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Recent Readings

Book review: Darwinia
Reviewed: Friday, August 11, 2006

Summer reading: Spin
Reviewed: Saturday, August 5, 2006

Runner
Reviewed: Tuesday, July 18, 2006

the Omnivoire's Delimma
Reviewed: Wednesday, July 12, 2006

the Golem's Eye
Reviewed: Wednesday, May 31, 2006





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the Omnivoire's Delimma
Wednesday, July 12, 2006

Dreams of innocence are just that; they usually depend on a denial of reality that can be its own form of hubris.

I'll try to avoid the obvious food puns but Michael Pollan's the Omnivore's Dilemma is a rich dessert of elegant verbal treats, sweetened with thoughts both philosophical and political.

(Quoting local food advocate Joel Salitin) "It's all connected. This farm is more like an organism than a machine, and like any organism it has its proper scale. A mouse is the size of a mouse for a good reason, and a mouse that was the size of an elephant wouldn't do very well."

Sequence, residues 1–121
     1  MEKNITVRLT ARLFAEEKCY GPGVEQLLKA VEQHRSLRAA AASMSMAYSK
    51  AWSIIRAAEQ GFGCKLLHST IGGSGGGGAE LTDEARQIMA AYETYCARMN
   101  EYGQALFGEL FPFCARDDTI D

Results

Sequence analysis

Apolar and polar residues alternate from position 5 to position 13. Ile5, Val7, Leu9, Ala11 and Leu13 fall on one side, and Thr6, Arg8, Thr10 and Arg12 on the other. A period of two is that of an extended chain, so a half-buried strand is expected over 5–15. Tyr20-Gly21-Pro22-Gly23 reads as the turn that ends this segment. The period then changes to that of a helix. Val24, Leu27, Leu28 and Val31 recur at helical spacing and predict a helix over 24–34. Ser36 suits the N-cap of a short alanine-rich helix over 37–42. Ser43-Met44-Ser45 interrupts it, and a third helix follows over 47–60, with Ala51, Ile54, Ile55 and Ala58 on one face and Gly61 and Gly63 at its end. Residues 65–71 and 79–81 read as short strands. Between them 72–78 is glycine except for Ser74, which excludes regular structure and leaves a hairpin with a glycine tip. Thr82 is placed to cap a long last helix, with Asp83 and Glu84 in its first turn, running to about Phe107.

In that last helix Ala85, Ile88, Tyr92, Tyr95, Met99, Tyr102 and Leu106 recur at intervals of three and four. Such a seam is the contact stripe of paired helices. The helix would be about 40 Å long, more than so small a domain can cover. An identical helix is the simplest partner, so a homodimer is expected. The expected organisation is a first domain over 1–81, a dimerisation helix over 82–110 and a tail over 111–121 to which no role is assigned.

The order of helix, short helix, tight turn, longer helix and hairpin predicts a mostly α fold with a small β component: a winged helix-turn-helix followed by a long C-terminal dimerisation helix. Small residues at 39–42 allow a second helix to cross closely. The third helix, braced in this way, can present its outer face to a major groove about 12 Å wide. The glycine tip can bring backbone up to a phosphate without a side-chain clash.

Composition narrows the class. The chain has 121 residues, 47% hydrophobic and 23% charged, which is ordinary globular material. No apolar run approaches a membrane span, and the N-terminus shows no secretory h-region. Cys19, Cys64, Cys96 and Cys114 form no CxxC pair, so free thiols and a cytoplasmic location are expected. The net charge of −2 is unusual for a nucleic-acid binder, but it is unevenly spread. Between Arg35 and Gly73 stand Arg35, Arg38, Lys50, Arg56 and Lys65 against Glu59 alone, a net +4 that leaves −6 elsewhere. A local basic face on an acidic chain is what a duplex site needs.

Pollan's four meals (the industrial, the agrarian, the organic and the gathered) clearly delineate some of our possible relationships with food; what's more, it's clear that the most common relationships are the worst for us and the health of our shared biosphere.

Our food system depends on consumers' not knowing much about it beyond the price disclosed by the checkout scanner. Cheapness and ignorance are mutually reinforcing. And it's a short way from not knowing who's at the other end of your food chain to not caring--to the carelessness of both producers and consumers.

This lack of knowledge -- and indeed the (apparent) strong desire of the powers that be to deny knowledge, crush and impede the Freedom of Information Act, pretend that processed food is just like its real counterparts, distract us with (wonder) bread and circuses, and with fear -- is what worries me. I believe that people will do the right thing (most of the time, by and large) if they know what that thing is and if it's not too hard to do it and if doing it is visible and engenders positive feedback loops. Mass industrial capitalism does not support a human economy of scale.

Regardless of that, however, this is a great book and I enjoyed every minute of my reading!


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Copyright -- Gary Warren King, 2004 - 2006